US House Speaker Nancy Pelosi spoke with her South Korean counterpart, pledging to support deterrence and denuclearization in North Korea.
Taiwan's defense ministry said it would dispatch the appropriate forces to respond to possible threats in light of US House Speaker Nancy Pelosi's visit.
EU foreign policy chief Josep Borrell welcomed the decision by the Kosovo government to delay the requirement of Serbs in its northern area to register for license plates in the country.
Kyiv said it was forced to abandon territories deemed defensive positions as Russian forces gear up for new offensive in the south.
British foreign secretary Truss said the public wants the government to focus on other key issues instead of taxes on foods deemed unhealthy.
The negotiations between Taiwan, Japan, and the Philippines follows China's military drills near the island.
The Senate near-unanimously approved the accession of Finland and Sweden into the NATO alliance this week.
Counter-demonstrations from pro-Iran parliamentary factions fuel tensions as supporters of Iraqi Shia leader al-Sadr continue their sit-in protests.
The UK defense ministry said in an intelligence update that Russian forces are still focusing their tactical assault in the Bakhmut area of eastern Ukraine.
Senate Democrats are waiting for a go signal from the parliamentarian on whether to proceed with budget reconciliation on the energy, climate, and tax bill.
The GCHQ alerted the Conservative Party of cyber hackers potentially changing votes, delaying the start of voting.
The current chair of the ASEAN bloc said Myanmar would not be represented in the upcoming summit this week, following the junta's decline of the proposal to send a non-political envoy.
Former German Chancellor and friend to Vladimir Putin, Gerhard Schroeder said Moscow wants a "negotiated solution" to the war, with the possibility of a ceasefire.
The regional governor said Ukrainian forces successfully recaptured 53 villages in the Russian-occupied Kherson region.
North Korea: US requests UN Security Council meeting following Pyongyang's 15th missile test
North Korea has continued the bolstering of its military arsenal and moved forward with its weapons tests despite breaching UN resolutions. The US has requested an emergency meeting with the UN Security Council following Pyongyang’s 15th missile test this year.
Diplomats said that Washington is requesting a UN Security Council meeting that would take place this week to discuss North Korea’s military activities, according to Al Jazeera. This comes as the US is pushing for stronger sanctions against Pyongyang. To note, Washington chairs the UN Security Council for the month of May and has considered calling for a meeting since last week.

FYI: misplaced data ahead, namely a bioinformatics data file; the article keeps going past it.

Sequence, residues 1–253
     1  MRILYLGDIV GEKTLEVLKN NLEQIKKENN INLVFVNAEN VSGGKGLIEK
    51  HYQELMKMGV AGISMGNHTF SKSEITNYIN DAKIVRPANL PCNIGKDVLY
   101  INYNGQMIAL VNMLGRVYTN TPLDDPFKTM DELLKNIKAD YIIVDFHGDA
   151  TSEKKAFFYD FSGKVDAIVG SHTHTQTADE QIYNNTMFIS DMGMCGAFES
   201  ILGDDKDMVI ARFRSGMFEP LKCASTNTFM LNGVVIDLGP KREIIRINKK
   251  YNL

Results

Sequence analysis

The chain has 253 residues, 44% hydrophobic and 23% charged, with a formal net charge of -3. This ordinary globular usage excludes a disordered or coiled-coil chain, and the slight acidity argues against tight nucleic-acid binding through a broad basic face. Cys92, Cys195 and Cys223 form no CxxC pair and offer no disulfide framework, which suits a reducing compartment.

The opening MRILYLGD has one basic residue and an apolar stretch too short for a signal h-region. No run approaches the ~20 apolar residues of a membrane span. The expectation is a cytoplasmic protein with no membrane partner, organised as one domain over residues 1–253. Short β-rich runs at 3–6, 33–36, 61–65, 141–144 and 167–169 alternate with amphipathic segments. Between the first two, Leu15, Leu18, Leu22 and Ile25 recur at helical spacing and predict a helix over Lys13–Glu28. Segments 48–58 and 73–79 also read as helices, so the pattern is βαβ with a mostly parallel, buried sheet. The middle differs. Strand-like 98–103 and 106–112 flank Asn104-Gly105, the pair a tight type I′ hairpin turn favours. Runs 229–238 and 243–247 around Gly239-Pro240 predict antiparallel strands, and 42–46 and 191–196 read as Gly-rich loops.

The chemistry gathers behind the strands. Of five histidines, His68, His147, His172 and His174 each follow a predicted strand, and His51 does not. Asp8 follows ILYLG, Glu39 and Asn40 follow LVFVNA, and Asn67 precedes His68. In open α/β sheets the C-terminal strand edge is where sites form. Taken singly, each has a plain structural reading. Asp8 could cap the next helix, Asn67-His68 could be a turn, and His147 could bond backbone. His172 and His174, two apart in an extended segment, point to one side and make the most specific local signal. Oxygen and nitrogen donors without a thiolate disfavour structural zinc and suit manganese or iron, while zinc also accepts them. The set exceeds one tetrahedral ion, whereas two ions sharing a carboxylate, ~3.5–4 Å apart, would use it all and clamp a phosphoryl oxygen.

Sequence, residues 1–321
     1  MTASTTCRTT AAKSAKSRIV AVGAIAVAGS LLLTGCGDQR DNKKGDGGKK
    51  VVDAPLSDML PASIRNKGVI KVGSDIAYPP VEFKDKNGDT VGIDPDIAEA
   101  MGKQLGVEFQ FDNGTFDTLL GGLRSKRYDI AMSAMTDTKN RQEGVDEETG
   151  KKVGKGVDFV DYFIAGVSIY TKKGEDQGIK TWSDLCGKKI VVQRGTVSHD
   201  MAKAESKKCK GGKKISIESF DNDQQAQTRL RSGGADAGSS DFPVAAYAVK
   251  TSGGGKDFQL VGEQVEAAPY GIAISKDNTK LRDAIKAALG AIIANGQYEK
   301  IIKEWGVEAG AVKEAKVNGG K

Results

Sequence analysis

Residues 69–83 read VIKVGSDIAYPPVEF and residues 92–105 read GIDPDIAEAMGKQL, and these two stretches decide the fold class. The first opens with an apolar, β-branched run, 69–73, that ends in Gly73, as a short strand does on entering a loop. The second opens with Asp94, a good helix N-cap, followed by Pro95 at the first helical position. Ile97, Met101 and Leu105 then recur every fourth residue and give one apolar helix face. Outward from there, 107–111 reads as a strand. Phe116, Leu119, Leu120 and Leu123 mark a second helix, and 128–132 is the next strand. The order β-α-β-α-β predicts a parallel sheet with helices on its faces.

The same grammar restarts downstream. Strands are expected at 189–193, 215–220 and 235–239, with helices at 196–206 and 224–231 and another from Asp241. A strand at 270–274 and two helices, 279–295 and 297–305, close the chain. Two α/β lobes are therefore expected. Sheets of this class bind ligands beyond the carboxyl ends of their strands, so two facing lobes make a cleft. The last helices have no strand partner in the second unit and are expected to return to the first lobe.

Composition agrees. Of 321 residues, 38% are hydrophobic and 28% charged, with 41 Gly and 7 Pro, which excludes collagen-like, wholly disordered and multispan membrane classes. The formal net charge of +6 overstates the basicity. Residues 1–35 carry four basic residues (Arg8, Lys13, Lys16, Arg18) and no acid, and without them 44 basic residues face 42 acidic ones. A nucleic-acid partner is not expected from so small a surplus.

The UNSC meeting comes amidst North Korea’s ongoing efforts to test its weapons, which has often drawn condemnation from its neighboring countries, South Korea and Japan. The latest missile test took place Saturday when North Korea fired a ballistic missile from a submarine. The launch took place ahead of South Korean President Yoon Suk-yeol’s inauguration.
“It is a challenge, it is a threat to international peace and security that the UN Security Council and its members have recognized in the past,” US State Department spokesperson Ned Price told reporters last week.
“So we’re not going to get ahead of any steps that the UN might take or the UN Security Council might take, but we do think accountability is important,” said Price.
The US ambassador to the UN Linda Thomas-Greenfield, said Washington would like to vote this month on action toward North Korea. However, the call to do so would likely fail as Russia and China hold veto power in the council.
During the weapons test over the weekend, South Korea said that the missile that was launched from a submarine came from Sinpo, where Pyongyang has a major shipyard. Japan’s defense ministry also said that the missile may likely be a ballistic missile, and local media NHK said that the missile landed outside Japan’s exclusive economic zone.
Japanese Prime Minister Fumio Kishida ordered officials to be prepared for all possible situations and ensure the safety of Japan’s aircraft and ships. There were no reports of damage. Japanese defense minister Nobuo Kishi told reporters that the test was “completely unacceptable.”